Schools can reduce students' (and workers) solar ultraviolet radiation exposure and risk of skin cancer because:
- students are at school when UV radiation levels are at their highest (ie 10am-3pm)
- schools are an appropriate place to teach and promote healthy sun protection behaviour
- schools, in partnership with families and their communities, can help reduce UV radiation exposure and change behaviour through policy, education and
- role modelling
- schools can provide effective shade areas for students and workers
Duty of care
Schools have a responsibility to implement skin cancer prevention strategies for student and staff health. The ACT Education and Training Directorate encourage all ACT primary schools to join the National SunSmart Schools Program.
Students: Duty of care refers to the need to protect students against foreseeable harm. Sunburn is a foreseeable outcome of over-exposure to solar UV radiation.Sun exposure in the first 18 years of life contributes significantly to the lifetime risk of skin cancer, including melanoma. Legal action has occurred in some states because students were sunburnt during all-day events and excursions.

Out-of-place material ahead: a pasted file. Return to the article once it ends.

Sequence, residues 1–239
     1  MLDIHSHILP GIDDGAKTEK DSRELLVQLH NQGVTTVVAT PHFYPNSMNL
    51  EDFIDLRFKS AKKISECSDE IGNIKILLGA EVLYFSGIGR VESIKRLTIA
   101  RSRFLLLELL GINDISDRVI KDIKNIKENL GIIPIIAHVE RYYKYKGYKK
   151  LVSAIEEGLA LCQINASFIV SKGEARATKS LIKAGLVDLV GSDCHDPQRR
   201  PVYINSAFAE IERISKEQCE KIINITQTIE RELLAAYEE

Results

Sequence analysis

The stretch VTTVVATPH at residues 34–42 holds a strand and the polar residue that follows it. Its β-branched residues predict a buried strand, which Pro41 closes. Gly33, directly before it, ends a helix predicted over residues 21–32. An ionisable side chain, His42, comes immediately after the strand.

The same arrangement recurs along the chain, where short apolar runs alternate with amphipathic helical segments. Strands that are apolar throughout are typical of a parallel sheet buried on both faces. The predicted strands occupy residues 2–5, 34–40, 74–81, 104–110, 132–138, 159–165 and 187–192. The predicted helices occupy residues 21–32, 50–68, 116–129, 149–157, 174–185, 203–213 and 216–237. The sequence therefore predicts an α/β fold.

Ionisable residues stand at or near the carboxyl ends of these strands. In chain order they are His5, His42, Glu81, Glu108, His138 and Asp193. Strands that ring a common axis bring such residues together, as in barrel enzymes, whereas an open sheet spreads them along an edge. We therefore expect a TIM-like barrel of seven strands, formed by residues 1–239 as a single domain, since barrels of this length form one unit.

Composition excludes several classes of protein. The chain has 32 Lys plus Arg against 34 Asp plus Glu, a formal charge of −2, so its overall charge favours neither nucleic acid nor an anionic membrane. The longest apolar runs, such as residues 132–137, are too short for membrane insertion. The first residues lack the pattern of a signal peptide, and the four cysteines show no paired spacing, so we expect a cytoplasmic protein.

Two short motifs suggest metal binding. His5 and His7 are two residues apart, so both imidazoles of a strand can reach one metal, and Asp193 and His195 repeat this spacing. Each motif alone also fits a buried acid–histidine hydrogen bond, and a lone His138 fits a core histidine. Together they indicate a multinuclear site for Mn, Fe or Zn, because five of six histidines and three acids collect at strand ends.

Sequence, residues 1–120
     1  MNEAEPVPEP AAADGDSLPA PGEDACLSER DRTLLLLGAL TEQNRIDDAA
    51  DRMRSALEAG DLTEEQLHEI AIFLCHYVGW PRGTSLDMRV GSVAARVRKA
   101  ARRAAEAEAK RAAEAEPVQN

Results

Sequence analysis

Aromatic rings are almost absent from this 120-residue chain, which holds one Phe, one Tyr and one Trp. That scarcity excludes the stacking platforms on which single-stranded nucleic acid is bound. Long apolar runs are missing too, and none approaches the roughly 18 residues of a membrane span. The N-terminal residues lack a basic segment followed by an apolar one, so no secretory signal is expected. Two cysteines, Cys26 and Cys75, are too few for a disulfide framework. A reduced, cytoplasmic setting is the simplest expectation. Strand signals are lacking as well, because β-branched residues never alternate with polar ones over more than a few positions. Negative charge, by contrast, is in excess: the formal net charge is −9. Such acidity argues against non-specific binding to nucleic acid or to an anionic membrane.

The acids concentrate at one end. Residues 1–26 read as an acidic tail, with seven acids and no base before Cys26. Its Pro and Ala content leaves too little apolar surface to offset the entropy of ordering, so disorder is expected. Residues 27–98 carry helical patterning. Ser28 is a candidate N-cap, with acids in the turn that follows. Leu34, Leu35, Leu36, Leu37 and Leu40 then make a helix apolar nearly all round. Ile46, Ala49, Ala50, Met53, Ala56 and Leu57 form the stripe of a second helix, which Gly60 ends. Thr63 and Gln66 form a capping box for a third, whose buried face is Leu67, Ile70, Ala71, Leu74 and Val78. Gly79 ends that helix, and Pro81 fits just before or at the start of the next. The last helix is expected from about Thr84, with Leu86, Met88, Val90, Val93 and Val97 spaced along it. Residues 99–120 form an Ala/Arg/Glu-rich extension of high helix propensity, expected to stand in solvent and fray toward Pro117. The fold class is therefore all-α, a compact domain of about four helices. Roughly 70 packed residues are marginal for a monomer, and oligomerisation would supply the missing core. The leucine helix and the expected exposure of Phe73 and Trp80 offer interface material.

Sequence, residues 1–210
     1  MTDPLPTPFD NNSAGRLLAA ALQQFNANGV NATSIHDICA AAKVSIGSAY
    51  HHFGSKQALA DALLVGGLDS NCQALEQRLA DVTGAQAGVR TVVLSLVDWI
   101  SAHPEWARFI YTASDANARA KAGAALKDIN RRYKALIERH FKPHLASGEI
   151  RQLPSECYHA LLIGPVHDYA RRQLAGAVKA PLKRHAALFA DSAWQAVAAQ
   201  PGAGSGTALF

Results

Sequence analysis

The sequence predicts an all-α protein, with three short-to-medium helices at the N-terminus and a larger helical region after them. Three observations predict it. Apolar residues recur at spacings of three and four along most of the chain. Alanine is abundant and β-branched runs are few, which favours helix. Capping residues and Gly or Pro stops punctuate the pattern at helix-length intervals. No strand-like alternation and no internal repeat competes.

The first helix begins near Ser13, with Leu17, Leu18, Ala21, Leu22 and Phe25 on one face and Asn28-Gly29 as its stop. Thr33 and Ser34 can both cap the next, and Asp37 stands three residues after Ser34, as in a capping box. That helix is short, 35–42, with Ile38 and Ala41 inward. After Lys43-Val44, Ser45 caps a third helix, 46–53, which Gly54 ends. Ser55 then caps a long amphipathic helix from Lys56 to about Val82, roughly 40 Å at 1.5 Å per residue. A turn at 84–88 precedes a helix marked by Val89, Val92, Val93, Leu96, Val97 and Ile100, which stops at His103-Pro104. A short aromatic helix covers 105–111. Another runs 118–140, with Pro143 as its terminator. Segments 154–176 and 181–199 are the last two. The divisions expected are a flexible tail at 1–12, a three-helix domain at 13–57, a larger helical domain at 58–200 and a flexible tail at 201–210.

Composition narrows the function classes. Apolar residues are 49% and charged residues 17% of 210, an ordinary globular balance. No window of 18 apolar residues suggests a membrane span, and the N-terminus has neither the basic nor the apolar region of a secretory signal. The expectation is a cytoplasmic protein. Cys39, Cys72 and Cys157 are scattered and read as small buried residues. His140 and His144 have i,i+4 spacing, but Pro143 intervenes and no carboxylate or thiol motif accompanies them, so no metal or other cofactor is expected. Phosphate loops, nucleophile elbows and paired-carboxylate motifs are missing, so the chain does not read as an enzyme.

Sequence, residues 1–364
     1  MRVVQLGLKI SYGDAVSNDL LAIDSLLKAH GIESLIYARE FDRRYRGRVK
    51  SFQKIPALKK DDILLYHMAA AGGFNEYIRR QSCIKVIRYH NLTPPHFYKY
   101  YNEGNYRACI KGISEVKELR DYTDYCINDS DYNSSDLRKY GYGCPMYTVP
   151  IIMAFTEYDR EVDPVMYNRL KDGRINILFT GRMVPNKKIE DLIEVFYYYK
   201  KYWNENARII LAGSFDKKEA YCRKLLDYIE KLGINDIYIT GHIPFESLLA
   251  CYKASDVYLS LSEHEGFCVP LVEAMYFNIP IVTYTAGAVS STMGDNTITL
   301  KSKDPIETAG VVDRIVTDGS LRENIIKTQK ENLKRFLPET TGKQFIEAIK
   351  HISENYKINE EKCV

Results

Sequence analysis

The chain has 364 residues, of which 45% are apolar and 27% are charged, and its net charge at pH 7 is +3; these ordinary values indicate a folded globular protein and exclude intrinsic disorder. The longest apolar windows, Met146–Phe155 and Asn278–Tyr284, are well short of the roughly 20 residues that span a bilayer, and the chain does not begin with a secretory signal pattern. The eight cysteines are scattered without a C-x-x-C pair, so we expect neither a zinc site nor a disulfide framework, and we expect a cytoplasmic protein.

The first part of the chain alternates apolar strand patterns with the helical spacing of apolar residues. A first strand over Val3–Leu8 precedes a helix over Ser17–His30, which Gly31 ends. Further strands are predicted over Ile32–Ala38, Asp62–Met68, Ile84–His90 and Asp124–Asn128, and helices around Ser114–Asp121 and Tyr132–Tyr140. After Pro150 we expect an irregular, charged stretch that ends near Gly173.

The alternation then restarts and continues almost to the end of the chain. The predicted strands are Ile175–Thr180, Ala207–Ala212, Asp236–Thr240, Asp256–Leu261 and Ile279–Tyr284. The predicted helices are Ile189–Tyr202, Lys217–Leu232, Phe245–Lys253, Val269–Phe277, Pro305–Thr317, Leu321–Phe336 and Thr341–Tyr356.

Workers: Occupational UV Exposure is also a serious Work Health and Safety (WH&S) issue for all workers who are required to spend all or part of their working day outdoors. Under the Work Health and Safety Act 2011, all persons undertaking a business or undertaking (PCBUs) have a responsibility to provide a safe working environment for their workers. Similarly, workers have a responsibility to adopt protective measures introduced by their employer to maintain a safe workplace.This includes working safely under the sun.
Teachers and staff may also be able to claim sun protection related expenses on their income tax. For more information contact the Australian Taxation Office on 13 2861 (employees) or 132866 (for businesses) or visit ato.gov.au.
(Thank you to Turner and Yarralumla Primary Schools for permission to use the above media photographs)